LONG – SHORT – VARIETY

Yesterday’s editing tasks may take a couple of days; you might even want to walk away from the piece for a day or so. This allows you a fresh look at your writing.

SENTENCE LENGTH

Think back to when you were beginning to read. Every sentence was short and concise. I learned to read with the Dick and Jane basal readers. These, for adult readers, can be tedious.

See Dick. See Dick run. Run, Dick, run. (See what I mean. Short, staccato sentences.)

On the other end of the spectrum, excessively long winded sentences can also be exhausting to read. Many times these sentences can be found in “brainiac” scientific journals. (Sometimes in fiction by the old masters as well.)

Although Sally completed her paper on the importance of the integration of music in the education of a well-rounded student, she failed to secure the position of key-note speaker at the educational conference because she did not make the deadline for submission; in addition to that, she failed to follow the rest of the submission guidelines.

SENTENCE STRUCTURE VARIETY

In school you probably learned about the different types of sentence structures; and if you are like many people, you have probably forgotten them. The use of a variety of sentence structures can aid in the variety of sentence lengths.

SIMPLE SENTENCE: A simple sentence contains a subject and its verb. It is also important to note that either the subject or the verb or both can contain more than one element. In the following examples, the red words are the subjects and the blue words are the verbs.

Sally baked a cake.

Sally and Julie baked a cake.

Sally baked and frosted a cake.

Sally and Julie baked and frosted a cake.

COMPOUND SENTENCE: A compound sentence is one that contains two (or more) simple sentences. The two simple sentences are joined by a comma and a conjunction (and – but – or – nor – yet – so – for). The green words are conjunctions.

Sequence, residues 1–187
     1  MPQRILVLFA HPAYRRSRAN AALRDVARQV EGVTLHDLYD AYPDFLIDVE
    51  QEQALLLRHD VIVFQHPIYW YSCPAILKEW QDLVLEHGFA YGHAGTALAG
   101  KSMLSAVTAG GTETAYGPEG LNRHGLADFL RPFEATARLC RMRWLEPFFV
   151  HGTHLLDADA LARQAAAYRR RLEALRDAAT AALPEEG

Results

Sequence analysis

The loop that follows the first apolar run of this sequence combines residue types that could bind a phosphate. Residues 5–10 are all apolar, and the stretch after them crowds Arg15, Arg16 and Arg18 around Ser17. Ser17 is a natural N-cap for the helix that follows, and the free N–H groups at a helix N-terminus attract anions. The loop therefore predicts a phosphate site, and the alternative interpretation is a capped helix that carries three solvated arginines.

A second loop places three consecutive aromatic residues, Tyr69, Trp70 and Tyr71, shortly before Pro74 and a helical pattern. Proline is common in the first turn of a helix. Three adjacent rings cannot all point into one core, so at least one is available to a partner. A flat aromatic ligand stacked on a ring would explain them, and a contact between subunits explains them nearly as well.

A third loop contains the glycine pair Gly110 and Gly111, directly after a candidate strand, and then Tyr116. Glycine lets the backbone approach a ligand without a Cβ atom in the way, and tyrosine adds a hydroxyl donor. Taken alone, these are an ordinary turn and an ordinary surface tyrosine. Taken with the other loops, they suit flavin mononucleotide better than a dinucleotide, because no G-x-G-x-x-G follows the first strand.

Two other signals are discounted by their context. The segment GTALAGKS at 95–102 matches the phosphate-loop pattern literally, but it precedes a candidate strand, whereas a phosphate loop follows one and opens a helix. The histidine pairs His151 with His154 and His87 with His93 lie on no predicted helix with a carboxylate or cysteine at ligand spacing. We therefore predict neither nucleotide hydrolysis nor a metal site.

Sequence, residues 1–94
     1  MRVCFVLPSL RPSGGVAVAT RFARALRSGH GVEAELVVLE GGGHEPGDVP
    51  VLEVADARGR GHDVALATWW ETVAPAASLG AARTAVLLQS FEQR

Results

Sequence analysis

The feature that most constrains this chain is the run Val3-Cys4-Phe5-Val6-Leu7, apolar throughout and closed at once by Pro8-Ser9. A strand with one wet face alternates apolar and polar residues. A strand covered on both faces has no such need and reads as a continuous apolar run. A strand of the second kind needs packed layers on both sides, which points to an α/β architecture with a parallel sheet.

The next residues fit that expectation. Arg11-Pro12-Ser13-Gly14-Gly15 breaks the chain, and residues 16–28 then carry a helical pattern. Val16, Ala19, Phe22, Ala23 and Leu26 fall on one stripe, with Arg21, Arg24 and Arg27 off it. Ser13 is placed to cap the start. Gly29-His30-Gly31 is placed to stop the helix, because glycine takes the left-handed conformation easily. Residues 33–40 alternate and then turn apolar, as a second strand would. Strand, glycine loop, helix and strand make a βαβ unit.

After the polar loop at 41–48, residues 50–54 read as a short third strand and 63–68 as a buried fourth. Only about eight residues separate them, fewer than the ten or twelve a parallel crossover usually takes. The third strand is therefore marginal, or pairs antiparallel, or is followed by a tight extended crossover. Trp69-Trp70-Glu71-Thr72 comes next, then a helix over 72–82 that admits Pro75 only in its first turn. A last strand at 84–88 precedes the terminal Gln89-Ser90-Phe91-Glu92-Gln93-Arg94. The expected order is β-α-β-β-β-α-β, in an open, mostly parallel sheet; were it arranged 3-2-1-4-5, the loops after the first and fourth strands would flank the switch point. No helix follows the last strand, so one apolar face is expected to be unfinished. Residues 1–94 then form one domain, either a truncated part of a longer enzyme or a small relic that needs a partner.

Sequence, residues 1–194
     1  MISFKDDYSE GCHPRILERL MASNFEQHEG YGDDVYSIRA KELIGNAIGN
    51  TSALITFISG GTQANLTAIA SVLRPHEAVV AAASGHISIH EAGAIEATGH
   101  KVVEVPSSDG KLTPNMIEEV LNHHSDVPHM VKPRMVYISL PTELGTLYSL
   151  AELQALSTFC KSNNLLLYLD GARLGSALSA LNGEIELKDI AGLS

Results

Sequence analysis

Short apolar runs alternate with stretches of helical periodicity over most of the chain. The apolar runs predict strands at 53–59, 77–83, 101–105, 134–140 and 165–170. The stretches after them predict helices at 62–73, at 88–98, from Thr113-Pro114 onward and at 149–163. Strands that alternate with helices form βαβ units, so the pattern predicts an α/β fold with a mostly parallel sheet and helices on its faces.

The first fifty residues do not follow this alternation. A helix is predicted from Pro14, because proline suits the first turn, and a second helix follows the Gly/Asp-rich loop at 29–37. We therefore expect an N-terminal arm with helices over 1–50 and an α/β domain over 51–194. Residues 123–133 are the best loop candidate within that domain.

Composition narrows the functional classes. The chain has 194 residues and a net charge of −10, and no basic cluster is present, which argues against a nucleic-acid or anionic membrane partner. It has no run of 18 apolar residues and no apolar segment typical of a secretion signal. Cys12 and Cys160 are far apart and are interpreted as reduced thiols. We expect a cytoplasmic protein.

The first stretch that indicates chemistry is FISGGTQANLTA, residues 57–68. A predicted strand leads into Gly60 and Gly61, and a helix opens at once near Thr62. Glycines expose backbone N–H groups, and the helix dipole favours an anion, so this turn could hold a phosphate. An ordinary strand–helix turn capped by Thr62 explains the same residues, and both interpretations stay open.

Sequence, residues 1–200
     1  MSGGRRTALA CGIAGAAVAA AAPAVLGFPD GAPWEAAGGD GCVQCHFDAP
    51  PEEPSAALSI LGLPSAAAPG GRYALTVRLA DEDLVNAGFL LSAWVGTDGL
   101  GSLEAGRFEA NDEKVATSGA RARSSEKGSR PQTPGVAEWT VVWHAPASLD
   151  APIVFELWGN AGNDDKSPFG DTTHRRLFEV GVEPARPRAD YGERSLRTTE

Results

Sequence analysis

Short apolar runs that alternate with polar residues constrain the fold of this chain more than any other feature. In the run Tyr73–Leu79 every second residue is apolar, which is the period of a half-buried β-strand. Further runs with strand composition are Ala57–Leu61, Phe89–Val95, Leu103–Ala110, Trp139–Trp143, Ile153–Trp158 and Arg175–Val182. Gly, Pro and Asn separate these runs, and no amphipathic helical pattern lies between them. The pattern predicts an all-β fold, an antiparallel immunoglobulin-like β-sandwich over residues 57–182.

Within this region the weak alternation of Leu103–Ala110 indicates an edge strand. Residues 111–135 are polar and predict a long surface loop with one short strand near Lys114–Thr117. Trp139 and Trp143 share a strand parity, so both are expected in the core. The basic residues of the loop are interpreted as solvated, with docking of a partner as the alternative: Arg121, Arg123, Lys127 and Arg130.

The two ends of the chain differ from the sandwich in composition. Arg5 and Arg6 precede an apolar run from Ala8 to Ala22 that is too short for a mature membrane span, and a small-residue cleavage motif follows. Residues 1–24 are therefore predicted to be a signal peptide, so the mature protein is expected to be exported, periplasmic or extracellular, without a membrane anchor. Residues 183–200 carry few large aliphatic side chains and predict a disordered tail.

Sally baked a cake, and Julie frosted it.

Sally baked a cake, but Julie frosted it.

Sally baked a cake, Julie frosted it, and Kathy delivered it.

COMPLEX SENTENCE: In a complex sentence, you need a simple sentence and a sentence (for ease of explanation) that begins with a subordination conjunction (words like: because – since – while) There are a number of subordinating conjunctions. Here is a list. The pink words are subordinating conjunctions.

After Sally baked a cake, Julie frosted it.

Julie frosted the cake after Sally baked it.

NOTE: If the subordinating conjunction begins the sentence, a comma is needed to separate it and the simple sentence it is connected to from the actual simple sentence. If the subordinating conjunction comes after the actual simple sentence, there is no comma.

COMPOUND/COMPLEX SENTENCE: This is a combination of both the compound sentence and the complex sentence. There are many variations to this structure.

After Sally baked a cake, Julie frosted, and Kathy delivered it.

VARIETY OF SENTENCE BEGINNINGS

Before I retired from teaching English, I used to have a handout that identified 23 different ways to begin a sentence. I can’t find the handout, but here are some ideas, other than the standard subject or subordinating conjunction.

#1: PREPOSITIONAL PHRASE

On the door, Karen hung a wreath.

#2: PARTICIPIAL PHRASE

Typing late at night, Jake tried to finish his research paper.

#3:USE A TRANSITIONAL WORD

First, Sally gathered the ingredients for the cake.

Here is a link to several others.

TECHNIQUE TO ANALYZE YOUR SENTENCE STRUCTURE

This is probably the least painful editing task a writer can undertake. You can either create a template on a spreadsheet or on a sheet of paper.

The first column label “the first five words,” and the second column label “number of words.”

Read the first sentence and write the first five words down. Then, count the number of words in that sentence and write the number down.

Read the next sentence and write the first five words down directly under the those from the first sentence, and then, record the word count for the sentence.

Continue this with each sentence.

Now, take a look at the beginning words. If you find two in a row almost exactly the same, it is time to restructure the sentence.

Look at the number of words for each sentence. There should be a variety with some sentences having a relatively low number of words off-set by sentences with a greater number of words. Shoot for a rhythm in your length.

After a while, you will be able to analyze the beginnings of sentences and the length of sentences without charting the information. It helps, however, in the beginning to see what your writing looks like.

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